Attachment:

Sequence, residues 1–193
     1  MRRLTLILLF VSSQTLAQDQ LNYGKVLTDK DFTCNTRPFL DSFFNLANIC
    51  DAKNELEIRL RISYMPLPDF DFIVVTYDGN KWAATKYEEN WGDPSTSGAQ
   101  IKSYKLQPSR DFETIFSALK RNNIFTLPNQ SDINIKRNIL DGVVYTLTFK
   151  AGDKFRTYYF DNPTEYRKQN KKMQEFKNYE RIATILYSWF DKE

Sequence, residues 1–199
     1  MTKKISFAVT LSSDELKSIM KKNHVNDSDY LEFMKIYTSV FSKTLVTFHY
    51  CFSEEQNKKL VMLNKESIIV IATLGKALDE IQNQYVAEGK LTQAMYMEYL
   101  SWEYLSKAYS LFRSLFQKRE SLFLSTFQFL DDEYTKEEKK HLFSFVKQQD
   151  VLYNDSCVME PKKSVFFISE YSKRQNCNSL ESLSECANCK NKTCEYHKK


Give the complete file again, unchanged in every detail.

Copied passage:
Sequence, residues 1–193
     1  MRRLTLILLF VSSQTLAQDQ LNYGKVLTDK DFTCNTRPFL DSFFNLANIC
    51  DAKNELEIRL RISYMPLPDF DFIVVTYDGN KWAATKYEEN WGDPSTSGAQ
   101  IKSYKLQPSR DFETIFSALK RNNIFTLPNQ SDINIKRNIL DGVVYTLTFK
   151  AGDKFRTYYF DNPTEYRKQN KKMQEFKNYE RIATILYSWF DKE

Sequence, residues 1–199
     1  MTKKISFAVT LSSDELKSIM KKNHVNDSDY LEFMKIYTSV FSKTLVTFHY
    51  CFSEEQNKKL VMLNKESIIV IATLGKALDE IQNQYVAEGK LTQAMYMEYL
   101  SWEYLSKAYS LFRSLFQKRE SLFLSTFQFL DDEYTKEEKK HLFSFVKQQD
   151  VLYNDSCVME PKKSVFFISE YSKRQNCNSL ESLSECANCK NKTCEYHKK